Tuesday, June 9, 2009

The Buoy Archives #1

The Buoy Archives #1
'Signs of Symmetry'

This fragment is, in fact, the first Buoy Archives piece I completed in it's entirety. I have to confess to leaving the temp track that I edited the piece to in place - it's an amazing lingering atmos track by Sonora Pine, the super group made up of members of Rachels, Rodan and June of '44 (who along with The Shipping News and, of course, Slint, inspired much mediocre sea-faring poetry/writing/film stuff on my part). As is often the case, it is hard to abandon the temp track, even in a sketch like this, once the edit is over. I was unable to part with this amazing, haunting piece and hope that Sonora Pine forgive me... They should of course, immediately tell me to fuck it off if they ever chance across it and find it offensive. I am at your service, Sonora Pine.

This piece came about through three strange events. Two were witnessed from the rooftops of the city in which people were seen, alone or as satellites to each other, within the geometries of their own lives. The third was witnessed suring the September 11 (2000, before the date came to have a semiotic life beyond definition) anti-globalisation protests in Melbourne. Over the 3 days of the stand off (and subsequent police brutality, media spin etc. etc.) I was able, at one point, to clamber up to a point, with my Canon814, and film the strange, static stand off between the protesters and the police. A geometry of opposition. There was some later excitement as I was pursued from my position several blocks by some angry cops when, for some retrospectively amusing reason, I fled with defiance, sure I had 'captured' something. They must have been having Zapruder flashbacks watching me film with the super8 while everyone else around was filming the movement of police in the flurry of miniDV cameras that is now the landscape of protest.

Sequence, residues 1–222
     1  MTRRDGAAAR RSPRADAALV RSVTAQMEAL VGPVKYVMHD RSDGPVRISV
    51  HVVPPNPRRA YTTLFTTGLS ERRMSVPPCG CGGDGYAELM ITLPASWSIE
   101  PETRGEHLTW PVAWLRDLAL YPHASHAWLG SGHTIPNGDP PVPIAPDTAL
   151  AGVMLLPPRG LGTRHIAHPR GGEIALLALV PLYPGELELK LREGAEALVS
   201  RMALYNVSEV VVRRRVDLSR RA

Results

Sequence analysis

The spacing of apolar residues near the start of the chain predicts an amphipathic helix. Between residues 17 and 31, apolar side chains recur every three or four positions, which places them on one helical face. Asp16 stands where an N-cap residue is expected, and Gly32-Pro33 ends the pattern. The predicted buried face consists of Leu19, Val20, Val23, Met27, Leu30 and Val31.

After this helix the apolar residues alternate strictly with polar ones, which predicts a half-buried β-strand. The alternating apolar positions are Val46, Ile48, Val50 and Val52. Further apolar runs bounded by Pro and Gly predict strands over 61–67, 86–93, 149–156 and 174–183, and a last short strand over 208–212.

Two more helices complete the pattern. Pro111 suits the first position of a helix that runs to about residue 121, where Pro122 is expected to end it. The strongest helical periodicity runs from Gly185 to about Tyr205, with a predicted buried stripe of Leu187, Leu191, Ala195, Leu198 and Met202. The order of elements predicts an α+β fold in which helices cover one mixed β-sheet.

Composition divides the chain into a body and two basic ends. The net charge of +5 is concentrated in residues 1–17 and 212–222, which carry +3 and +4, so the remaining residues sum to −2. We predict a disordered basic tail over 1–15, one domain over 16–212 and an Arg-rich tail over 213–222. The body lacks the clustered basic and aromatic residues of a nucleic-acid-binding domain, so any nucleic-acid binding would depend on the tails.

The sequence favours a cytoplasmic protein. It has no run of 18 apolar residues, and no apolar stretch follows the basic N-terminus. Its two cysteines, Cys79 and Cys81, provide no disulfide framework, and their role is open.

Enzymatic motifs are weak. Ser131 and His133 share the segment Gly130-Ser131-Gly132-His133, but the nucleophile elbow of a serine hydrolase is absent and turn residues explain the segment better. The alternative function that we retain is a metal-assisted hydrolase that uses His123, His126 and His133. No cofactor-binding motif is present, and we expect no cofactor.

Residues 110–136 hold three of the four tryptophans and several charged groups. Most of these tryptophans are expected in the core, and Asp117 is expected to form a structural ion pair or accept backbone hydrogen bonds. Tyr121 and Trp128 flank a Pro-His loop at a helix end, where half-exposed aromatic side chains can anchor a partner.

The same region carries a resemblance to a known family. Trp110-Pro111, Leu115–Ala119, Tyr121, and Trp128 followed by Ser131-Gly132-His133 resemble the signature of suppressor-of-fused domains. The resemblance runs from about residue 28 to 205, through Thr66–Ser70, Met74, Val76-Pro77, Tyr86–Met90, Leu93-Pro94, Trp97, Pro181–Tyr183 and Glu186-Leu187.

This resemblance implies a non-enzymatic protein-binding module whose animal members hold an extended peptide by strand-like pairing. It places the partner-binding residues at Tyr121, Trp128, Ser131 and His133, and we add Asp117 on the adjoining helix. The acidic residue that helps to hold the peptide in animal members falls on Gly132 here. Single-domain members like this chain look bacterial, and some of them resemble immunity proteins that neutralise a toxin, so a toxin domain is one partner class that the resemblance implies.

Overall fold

I still have a lazy obsession with taking photographs of the ways people inhabit space in solitude. I always think of these clusters of photos as 'geometries' as the subject is usually the arrangement of dead space rather than the subject themselves. Maybe my interest in this also comes from a cowardice or voyeurism that makes it easier to photograph people in these dead moments, or to photograph dead space without humans, rather than look someone in the eye and exchange something meaningful as payment for an image.

Some geometries from recent years:

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